From the founding of the United States to the present, concerned citizens have debated the breadth of presidential power in foreign affairs. The Founders, from their reading of European history and their experience with the English Crown, feared extensive executive authority. Believing that broad control over the military over the shaping of relations with foreign nations and over the making of war paved the way to tyranny, in these matters they placed explicit constitutional curbs on the executive. As the nation grew, these restraints led often to tension between the president and Congress. Regardless, except in a few instances, the authority of the executive expanded along with the growth of the nation's wealth and influence in the world.
The reasons why the executive prevailed and in the twentieth century presidential wars became virtually standard procedure are complex. Some scholars maintain the presidents could use massive force on their own because Congress abdicated its constitutional authority. Others saw as a cause the rise of the United States to the status of a world power, an imperial power, and a superpower. Many perceived the executive's dominance in war as a logical consequence of the corrupting influence of vast power. Still others saw that power as politically and personally based. They maintained that presidents catered to popular sentiment because, often in the guise of patriotism, strong, violent muscle-flexing against foreign foes was rewarded at the ballot box.
Writing in the 1830s, the French political theorist Alexis de Toque ville described the American president as possessing, especially in foreign relations, "almost royal prerogatives." More than a century later, Harry S. Truman claimed the presidency had "become the greatest and most important office in the history of the world." Into the twenty-first century, the media and scholarly treatises repeated this concept so often it became commonplace.
Ironically, leaders of the generation that fought the revolutionary war had a deep distrust of wide-ranging executive power. When they drafted the nation's first constitution, the Articles of Confederation and Perpetual Union, they omitted a permanent executive office. They feared concentrating immense power in any one person because they regarded executive authority the natural enemy of liberty and a potential repository for military tyranny. So they established a single legislature that chose a member as president. He could not serve more than one year in any three-year congressional term and had no special authority in the conduct of foreign affairs.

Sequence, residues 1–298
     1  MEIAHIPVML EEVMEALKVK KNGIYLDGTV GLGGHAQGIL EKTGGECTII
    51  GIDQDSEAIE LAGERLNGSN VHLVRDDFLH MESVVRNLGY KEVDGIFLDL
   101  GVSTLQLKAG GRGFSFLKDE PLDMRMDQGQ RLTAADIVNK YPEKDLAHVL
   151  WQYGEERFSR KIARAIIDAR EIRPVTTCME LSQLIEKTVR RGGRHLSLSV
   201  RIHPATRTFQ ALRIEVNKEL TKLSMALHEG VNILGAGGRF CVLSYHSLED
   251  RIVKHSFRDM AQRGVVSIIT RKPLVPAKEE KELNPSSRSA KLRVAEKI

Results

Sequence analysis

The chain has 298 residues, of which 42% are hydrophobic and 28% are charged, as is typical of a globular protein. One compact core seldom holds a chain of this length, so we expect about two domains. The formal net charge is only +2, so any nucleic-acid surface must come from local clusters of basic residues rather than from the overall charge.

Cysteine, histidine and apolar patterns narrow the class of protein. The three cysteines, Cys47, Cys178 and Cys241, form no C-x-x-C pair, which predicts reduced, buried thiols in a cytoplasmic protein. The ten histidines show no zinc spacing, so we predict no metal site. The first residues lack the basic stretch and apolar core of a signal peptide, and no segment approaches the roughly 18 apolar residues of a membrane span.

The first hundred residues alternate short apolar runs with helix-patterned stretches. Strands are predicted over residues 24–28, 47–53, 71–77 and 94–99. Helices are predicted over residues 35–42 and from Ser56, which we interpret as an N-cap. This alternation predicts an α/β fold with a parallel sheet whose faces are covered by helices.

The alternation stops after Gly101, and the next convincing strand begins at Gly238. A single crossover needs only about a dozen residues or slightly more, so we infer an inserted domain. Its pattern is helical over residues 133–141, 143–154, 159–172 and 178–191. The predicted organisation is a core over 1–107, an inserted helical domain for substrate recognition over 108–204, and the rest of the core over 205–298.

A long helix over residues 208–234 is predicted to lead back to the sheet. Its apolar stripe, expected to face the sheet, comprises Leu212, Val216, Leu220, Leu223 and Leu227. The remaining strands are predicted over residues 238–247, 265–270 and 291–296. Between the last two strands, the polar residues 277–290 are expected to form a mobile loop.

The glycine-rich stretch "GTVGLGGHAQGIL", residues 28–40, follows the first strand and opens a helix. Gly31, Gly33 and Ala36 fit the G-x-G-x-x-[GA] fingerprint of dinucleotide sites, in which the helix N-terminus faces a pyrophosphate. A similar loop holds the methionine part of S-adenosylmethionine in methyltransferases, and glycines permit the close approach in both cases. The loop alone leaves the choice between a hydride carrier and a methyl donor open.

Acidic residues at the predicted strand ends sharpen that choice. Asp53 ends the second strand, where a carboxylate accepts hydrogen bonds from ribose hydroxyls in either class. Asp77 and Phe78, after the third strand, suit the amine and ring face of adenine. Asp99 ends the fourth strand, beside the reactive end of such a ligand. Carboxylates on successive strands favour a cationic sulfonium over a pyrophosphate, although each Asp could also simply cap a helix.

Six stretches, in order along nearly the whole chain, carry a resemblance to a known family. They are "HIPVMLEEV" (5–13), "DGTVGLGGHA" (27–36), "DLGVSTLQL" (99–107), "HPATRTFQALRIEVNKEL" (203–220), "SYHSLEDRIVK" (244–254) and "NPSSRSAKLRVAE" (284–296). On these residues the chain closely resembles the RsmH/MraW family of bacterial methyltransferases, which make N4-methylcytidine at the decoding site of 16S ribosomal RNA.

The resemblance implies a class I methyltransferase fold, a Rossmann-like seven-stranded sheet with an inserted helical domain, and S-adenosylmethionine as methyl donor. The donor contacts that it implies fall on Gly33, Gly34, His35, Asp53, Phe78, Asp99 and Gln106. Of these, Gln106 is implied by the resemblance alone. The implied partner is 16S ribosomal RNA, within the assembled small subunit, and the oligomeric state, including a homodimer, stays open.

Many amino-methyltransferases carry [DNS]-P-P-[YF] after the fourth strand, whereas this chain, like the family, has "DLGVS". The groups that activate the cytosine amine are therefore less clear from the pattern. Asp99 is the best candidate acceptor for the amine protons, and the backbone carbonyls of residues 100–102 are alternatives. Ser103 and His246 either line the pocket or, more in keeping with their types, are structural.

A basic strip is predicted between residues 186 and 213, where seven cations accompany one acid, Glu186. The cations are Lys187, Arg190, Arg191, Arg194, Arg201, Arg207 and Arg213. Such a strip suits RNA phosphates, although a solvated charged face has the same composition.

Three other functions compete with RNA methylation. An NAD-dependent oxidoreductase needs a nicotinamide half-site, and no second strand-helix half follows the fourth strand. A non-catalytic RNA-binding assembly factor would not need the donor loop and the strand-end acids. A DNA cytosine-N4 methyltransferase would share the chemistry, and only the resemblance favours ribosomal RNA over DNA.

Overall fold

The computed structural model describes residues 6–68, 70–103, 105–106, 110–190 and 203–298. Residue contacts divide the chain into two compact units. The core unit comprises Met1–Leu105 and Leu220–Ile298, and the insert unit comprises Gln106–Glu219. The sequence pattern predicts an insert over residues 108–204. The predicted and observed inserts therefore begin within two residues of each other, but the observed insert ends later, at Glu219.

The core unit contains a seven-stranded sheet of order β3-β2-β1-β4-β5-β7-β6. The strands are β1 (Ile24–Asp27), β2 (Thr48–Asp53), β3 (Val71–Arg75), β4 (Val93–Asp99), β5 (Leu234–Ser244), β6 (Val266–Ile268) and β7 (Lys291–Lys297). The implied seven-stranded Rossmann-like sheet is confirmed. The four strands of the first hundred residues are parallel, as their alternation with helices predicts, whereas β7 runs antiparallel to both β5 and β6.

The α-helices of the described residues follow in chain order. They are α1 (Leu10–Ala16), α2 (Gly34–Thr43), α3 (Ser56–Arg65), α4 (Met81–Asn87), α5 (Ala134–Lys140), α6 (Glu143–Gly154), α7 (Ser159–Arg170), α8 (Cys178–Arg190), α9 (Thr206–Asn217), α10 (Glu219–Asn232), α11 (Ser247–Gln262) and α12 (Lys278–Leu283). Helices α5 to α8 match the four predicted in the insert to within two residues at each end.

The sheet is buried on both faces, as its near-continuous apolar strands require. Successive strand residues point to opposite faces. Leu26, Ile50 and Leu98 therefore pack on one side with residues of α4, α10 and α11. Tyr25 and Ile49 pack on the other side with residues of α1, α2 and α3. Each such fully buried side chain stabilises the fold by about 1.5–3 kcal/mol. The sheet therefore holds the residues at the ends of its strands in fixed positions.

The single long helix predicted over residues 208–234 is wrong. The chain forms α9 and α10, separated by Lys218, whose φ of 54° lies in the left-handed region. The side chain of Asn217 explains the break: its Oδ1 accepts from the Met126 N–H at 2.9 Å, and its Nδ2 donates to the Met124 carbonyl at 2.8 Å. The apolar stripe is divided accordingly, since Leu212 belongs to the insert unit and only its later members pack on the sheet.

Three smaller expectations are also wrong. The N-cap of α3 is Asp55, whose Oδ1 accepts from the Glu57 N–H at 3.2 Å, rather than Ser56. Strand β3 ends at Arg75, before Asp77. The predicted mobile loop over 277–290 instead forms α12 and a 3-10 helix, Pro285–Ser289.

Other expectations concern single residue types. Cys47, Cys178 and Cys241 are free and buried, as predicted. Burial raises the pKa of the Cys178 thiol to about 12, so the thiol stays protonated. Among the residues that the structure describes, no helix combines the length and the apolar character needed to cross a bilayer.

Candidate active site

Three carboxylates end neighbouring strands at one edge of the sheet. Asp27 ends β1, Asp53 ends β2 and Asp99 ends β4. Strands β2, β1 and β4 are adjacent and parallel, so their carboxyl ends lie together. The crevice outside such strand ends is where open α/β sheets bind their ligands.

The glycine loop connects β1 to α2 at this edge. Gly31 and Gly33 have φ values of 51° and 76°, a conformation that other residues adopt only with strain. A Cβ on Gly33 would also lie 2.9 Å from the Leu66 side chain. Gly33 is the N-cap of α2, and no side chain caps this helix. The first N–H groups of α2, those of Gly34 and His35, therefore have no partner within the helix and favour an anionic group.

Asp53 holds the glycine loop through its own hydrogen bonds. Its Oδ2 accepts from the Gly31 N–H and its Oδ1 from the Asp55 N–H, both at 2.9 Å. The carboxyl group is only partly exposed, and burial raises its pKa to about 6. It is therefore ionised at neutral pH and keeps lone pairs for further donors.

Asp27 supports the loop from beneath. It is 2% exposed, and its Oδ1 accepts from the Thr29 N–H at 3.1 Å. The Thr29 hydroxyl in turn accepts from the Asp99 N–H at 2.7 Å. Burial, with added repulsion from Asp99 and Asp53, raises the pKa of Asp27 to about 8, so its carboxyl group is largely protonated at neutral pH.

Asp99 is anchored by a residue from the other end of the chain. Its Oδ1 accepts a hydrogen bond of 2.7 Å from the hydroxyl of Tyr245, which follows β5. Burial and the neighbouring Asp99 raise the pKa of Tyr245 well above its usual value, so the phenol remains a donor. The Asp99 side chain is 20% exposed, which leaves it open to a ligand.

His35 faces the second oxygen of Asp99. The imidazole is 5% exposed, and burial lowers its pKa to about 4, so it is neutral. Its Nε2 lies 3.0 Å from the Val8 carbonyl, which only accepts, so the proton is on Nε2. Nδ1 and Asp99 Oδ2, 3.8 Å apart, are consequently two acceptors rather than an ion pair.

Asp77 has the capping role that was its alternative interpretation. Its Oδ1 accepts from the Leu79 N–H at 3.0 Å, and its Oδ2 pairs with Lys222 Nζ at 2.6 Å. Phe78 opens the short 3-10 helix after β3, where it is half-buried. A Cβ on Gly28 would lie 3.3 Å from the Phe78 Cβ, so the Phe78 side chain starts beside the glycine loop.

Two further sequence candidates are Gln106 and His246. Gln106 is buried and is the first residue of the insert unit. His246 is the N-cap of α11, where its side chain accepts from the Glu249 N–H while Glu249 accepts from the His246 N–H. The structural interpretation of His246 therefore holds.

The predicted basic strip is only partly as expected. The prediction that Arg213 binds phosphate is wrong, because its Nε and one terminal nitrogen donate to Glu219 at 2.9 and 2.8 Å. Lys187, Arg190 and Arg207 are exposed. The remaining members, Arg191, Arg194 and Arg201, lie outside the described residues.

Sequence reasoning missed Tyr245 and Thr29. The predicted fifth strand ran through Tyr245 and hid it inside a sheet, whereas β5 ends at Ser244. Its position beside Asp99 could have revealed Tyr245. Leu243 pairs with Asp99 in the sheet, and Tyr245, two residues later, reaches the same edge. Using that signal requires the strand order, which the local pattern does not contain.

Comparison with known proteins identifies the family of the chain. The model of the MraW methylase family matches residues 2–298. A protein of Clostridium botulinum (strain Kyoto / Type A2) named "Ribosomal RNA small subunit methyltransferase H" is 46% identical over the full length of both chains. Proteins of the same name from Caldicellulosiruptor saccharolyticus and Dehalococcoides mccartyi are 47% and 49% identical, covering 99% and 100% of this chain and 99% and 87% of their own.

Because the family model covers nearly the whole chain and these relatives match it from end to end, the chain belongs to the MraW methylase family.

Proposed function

After the United States won independence, political leaders such as John Jay, George Washington, Alexander Hamilton, and James Madison perceived the Articles as inadequate, particularly in the making of foreign policy. They desired a permanent president with sufficient authority to carry out a unified policy toward the rest of the world. With this objective, they sought to amend the Articles in a manner that would provide for a stronger central government. They persuaded Congress to authorize a convention for that purpose. After delegates from seven states met on 25 May 1787 in Philadelphia, they decided to get rid of the Articles of Confederation and frame a new constitution.
The debate over the nature of the presidency consumed more time than did any other major problem before the convention. Framers supposedly influenced by an eighteenth-century doctrine of an inherent executive prerogative—advanced by political thinkers such as John Locke—desired "a vigorous Executive." Others pointed out that the people opposed anything resembling an elective monarchy. After much discussion, the Founders created a presidential office with specific constraints as well as considerable power. They separated it from the legislative and judicial branches with a system of checks and balances designed to prevent the president from becoming a tyrant.
In keeping with this objective, the framers placed more curbs on the president's power in domestic affairs than in foreign relations. They also denied him the most vital of monarchical powers, that of initiating war. Envisaging him as the agent of Congress, they vested the war power in the legislature. They conferred on the president the authority, with the approval of the Senate, to appoint ambassadors and other emissaries and to receive similar diplomats from other countries. With the advice and consent of the Senate, given in a two-thirds vote, only he could make and negotiate treaties.
The new constitution also stated that the "President shall be Commander in Chief of the Army and Navy…and of the Militia of the several States when called into the actual Service of the United States." This title did not give him authority to declare or instigate war. In The Federalist No. 69, Hamilton assumed, therefore, that the president's role as commander in chief would amount to nothing more than the supreme command and direction of the military and naval forces. The real power, as he perceived it, belonged to Congress. In the long run, Hamilton's assumptions proved wrong. Increasingly, presidents would use the commander in chief clause to expand their authority over foreign policy in its most vital aspect, the power to make war. For this reason, presidents, their political supporters, and others would come often to refer, incorrectly, to the clause as the president's war power.
Other powers, such as the president's choosing heads of executive departments or cabinet members, his pardoning and veto authority as in budget matters, his right to inform and request legislation from Congress, and his duty to execute laws faithfully, all touched on foreign affairs. Regardless of the safeguards built into these various powers, the Founders created what they had tried to prevent, an office that in foreign affairs had the potential of becoming a kind of elective monarchy.